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In the News Press Release

Florham Park Estate Planning Partner Mary Lou Parker in the New Jersey Star-Ledger: "Estate Planning to Benefit Heirs"

Publisher: New Jersey Star-Ledger
March 7, 2010

In the New Jersey Star-Ledger's March 7 Biz Brain Column, a reader asks if his family would benefit upon his death if he declared Pennsylvania his primary residence rather than New Jersey. For the answer, the Star-Ledger turns to Day Pitney's Mary Lou Parker.

From the Star-Ledger:

"Both New Jersey and Pennsylvania impose an inheritance tax based on the relationship between the beneficiary and the decedent. Transfers to a spouse are exempt in both states, but in Pennsylvania, transfers to children are subject to Pennsylvania a 4.5 percent inheritance tax. Pennsylvania does not impose an estate tax, said Mary Lou Parker, an estate planning attorney with Day Pitney in Morristown.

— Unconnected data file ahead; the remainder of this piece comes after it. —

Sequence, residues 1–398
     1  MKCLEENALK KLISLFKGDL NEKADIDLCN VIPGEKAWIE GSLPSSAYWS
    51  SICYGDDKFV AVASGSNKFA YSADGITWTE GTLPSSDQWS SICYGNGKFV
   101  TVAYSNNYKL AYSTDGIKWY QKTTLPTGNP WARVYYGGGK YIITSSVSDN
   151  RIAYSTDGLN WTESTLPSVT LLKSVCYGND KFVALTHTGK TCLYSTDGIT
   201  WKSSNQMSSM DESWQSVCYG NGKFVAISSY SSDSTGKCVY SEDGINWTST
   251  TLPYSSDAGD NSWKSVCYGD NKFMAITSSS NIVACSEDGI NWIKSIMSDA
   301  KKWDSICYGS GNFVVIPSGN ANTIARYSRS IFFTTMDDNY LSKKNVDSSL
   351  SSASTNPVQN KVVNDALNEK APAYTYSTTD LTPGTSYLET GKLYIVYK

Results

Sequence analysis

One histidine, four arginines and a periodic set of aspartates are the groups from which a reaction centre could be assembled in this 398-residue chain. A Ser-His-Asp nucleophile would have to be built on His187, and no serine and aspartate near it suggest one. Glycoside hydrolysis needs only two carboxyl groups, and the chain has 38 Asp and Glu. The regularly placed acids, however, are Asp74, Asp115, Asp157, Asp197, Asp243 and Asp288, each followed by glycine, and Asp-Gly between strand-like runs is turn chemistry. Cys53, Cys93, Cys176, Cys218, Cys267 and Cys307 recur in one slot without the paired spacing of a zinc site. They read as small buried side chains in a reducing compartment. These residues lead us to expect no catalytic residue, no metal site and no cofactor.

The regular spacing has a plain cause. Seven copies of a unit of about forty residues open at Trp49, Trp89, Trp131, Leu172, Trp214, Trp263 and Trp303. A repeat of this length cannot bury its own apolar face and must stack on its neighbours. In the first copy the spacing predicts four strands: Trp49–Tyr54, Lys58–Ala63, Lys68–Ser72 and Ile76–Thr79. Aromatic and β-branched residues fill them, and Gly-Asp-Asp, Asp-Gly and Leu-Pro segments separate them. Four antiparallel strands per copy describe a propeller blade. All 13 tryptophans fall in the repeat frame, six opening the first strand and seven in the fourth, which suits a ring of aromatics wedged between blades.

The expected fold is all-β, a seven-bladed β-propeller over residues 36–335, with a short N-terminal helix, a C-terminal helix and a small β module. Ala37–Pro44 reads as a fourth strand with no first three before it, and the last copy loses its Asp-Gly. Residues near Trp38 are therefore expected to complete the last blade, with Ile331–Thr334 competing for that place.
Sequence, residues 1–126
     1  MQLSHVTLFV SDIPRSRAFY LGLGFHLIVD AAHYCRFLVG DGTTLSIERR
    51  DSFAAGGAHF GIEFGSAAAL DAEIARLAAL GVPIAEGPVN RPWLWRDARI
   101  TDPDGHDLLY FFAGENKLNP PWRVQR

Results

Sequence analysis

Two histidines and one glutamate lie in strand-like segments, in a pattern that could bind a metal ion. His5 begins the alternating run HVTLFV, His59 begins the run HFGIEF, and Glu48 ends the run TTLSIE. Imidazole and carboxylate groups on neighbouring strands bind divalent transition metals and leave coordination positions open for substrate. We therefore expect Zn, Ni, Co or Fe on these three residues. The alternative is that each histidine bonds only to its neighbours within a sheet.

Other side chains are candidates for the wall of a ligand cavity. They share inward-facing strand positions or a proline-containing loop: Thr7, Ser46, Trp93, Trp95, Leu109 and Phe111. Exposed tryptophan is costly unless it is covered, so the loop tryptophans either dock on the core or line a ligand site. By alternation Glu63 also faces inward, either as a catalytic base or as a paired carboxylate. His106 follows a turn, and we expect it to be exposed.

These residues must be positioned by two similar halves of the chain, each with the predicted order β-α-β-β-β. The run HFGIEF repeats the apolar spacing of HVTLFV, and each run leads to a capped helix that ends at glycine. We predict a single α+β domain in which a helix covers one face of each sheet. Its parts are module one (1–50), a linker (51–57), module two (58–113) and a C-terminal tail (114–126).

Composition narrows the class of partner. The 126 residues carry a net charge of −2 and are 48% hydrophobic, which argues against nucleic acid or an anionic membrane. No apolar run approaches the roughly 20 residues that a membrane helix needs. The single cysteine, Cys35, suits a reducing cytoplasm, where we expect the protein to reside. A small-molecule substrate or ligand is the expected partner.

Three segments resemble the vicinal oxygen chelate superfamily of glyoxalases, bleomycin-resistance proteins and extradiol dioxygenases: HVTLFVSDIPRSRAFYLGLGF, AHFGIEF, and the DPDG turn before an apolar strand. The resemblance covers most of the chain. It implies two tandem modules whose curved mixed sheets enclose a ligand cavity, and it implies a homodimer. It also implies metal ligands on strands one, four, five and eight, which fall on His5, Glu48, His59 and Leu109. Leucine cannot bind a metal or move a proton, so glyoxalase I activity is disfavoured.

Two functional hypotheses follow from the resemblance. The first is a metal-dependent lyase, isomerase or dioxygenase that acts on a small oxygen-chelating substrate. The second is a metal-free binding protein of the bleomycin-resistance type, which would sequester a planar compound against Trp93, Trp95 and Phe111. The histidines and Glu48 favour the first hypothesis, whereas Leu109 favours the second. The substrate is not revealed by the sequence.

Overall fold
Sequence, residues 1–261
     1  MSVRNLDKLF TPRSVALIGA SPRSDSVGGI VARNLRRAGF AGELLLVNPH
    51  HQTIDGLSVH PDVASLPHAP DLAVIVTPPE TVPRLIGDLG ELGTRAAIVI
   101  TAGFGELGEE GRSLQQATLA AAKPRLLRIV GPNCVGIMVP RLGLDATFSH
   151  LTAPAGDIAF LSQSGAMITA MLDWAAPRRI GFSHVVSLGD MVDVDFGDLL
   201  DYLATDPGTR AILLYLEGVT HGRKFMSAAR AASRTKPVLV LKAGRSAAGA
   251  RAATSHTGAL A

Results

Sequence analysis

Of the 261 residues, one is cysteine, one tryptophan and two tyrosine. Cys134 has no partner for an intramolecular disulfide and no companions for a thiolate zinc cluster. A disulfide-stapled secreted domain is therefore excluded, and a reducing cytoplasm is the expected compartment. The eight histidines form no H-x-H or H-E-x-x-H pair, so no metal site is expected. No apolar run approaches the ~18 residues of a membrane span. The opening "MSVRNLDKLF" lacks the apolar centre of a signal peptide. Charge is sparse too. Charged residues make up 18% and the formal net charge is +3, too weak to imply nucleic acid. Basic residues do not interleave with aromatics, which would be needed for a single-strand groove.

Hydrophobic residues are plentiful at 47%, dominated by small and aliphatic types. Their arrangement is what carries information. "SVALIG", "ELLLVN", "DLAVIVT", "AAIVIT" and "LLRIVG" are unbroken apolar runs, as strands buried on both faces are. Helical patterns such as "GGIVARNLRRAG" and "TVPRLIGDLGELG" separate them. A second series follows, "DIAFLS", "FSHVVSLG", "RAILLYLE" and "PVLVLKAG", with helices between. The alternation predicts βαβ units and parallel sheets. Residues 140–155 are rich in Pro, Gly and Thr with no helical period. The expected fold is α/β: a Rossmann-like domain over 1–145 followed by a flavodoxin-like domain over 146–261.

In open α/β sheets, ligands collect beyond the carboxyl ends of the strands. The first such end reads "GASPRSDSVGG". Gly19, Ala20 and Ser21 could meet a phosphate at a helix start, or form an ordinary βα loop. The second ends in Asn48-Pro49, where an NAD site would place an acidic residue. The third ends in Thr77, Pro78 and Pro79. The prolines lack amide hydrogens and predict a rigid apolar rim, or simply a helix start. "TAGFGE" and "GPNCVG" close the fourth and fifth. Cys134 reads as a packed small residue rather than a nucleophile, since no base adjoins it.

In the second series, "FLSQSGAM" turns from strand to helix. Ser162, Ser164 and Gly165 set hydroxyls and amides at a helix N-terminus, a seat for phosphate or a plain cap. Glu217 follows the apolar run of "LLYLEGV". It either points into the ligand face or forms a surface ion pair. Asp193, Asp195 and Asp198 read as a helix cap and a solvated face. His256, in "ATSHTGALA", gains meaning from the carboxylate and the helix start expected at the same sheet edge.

"Parker says this is what your case looks like, assuming you and your wife are U.S. citizens, your New Jersey home is worth $300,000 and your Pennsylvania home is worth $200,000: Regardless of in which state you're domiciled, the first of you to die leaves everything to the surviving spouse, causing no tax. If the surviving spouse was domiciled in New Jersey and still owns both homes, there would be no New Jersey inheritance tax, but there would be a New Jersey estate tax of $26,560 and Pennsylvania inheritance tax of $9,000 ($200,000 x 4.5 percent), for a total of $35,560. If the surviving spouse was domiciled in Pennsylvania, the Pennsylvania inheritance tax would be $31,500 ($700,000 x 4.5 percent) and there would be no New Jersey tax.

"Parker said whichever state you choose, you could avoid the tax by splitting your assets and creating a bypass trust on the first death for the other's benefit. This would shelter assets from New Jersey's estate tax in both estates by taking advantage of the $675,000 New Jersey estate tax exemption, thereby maximizing your children's inheritance."

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